The use of drugs has always been a part of human culture. Some drugs (like alcohol) have traditionally been more socially accepted than others (like marijuana or cocaine). The paradigm of drug use in the United States has been continuously evolving and is changing more and more rapidly as generational biases shift.
Religion and politics have always been, for better or worse, closely intertwined in America. This connection explains why the ‘prohibition era’ came about in the United States, where a blanket ban on alcohol caused the rise of organized crime syndicates like the Italian Mafia.
To this day, organized crime syndicates have made billions by selling illegal goods on the black market. Without a doubt, the most lucrative commodity on the black market is drugs.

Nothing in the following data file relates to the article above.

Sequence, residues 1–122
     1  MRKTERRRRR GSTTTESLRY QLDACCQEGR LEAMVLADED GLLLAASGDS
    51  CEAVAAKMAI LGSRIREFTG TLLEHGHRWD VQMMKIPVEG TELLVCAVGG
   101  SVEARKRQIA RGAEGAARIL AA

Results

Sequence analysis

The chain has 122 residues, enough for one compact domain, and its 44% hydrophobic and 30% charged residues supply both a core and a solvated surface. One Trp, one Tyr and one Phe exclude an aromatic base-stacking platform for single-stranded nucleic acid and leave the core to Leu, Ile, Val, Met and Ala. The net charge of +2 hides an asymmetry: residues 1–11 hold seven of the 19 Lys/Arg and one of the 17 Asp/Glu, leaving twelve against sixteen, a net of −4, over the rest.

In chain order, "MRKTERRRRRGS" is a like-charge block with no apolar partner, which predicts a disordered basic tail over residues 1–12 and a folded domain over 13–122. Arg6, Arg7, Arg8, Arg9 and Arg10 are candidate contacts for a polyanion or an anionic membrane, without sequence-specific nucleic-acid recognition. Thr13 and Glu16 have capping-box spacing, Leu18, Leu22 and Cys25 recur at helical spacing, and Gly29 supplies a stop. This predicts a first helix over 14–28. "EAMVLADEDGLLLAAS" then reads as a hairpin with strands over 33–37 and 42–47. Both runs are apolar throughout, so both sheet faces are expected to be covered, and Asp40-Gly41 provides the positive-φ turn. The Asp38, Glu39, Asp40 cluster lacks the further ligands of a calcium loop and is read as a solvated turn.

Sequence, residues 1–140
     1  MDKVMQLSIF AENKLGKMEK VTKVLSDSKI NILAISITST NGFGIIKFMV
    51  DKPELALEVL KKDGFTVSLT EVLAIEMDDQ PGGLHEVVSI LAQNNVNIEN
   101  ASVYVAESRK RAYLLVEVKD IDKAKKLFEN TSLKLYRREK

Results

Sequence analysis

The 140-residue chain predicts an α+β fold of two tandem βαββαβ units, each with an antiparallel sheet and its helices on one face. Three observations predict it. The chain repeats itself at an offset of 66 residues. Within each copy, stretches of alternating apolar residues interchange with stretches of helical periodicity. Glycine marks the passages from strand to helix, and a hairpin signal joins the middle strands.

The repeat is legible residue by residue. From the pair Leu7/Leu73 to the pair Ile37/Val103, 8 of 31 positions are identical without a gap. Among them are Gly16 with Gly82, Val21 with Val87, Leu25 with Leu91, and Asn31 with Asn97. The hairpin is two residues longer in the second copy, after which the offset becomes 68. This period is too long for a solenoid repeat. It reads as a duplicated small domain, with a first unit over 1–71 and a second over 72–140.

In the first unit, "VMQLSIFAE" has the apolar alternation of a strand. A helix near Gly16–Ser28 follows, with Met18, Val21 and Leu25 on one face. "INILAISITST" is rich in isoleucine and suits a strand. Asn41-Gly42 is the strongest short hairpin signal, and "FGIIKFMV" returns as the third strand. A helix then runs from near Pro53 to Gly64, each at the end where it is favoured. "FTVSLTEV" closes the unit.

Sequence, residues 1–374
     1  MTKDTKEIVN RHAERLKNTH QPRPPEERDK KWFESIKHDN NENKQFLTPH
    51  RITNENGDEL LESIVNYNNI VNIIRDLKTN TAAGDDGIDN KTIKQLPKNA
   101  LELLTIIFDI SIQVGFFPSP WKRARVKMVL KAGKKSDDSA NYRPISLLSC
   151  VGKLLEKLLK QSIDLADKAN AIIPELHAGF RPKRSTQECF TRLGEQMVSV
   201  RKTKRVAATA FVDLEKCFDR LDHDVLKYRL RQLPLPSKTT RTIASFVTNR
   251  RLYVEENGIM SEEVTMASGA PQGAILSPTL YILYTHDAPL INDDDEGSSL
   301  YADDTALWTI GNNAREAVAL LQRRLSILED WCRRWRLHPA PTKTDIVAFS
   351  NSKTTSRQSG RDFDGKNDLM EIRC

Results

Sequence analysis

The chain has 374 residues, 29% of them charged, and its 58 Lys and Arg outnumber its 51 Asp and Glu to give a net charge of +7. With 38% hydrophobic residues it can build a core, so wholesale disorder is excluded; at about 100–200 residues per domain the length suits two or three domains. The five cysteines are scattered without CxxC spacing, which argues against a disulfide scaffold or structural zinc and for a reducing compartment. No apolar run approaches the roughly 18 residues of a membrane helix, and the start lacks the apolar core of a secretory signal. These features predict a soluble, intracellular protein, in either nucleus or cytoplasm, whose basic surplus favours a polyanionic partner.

Americans have slowly begun to realize that the only way to stop organized crime from profiting from selling drugs is to legalize and regulate them through official channels. The proof of this is all the US states and territories that have decriminalized or outright legalized marijuana.
While marijuana has never been as massive a money-maker for organized crime (nowhere near as lucrative as drugs like cocaine and methamphetamines), recent legalization efforts have shown that it is possible to regulate these substances.
However, there is still a lot of cultural resistance to the legalization of many drugs. While marijuana has slowly been less and less vilified through popular culture, other drugs that are more notoriously addictive are still taboo.
The history of the US war on drugs has meant that the issue of drug addiction has been handled by criminal law enforcement rather than public health. This approach is one of the key reasons why the US has the highest prison population in the world.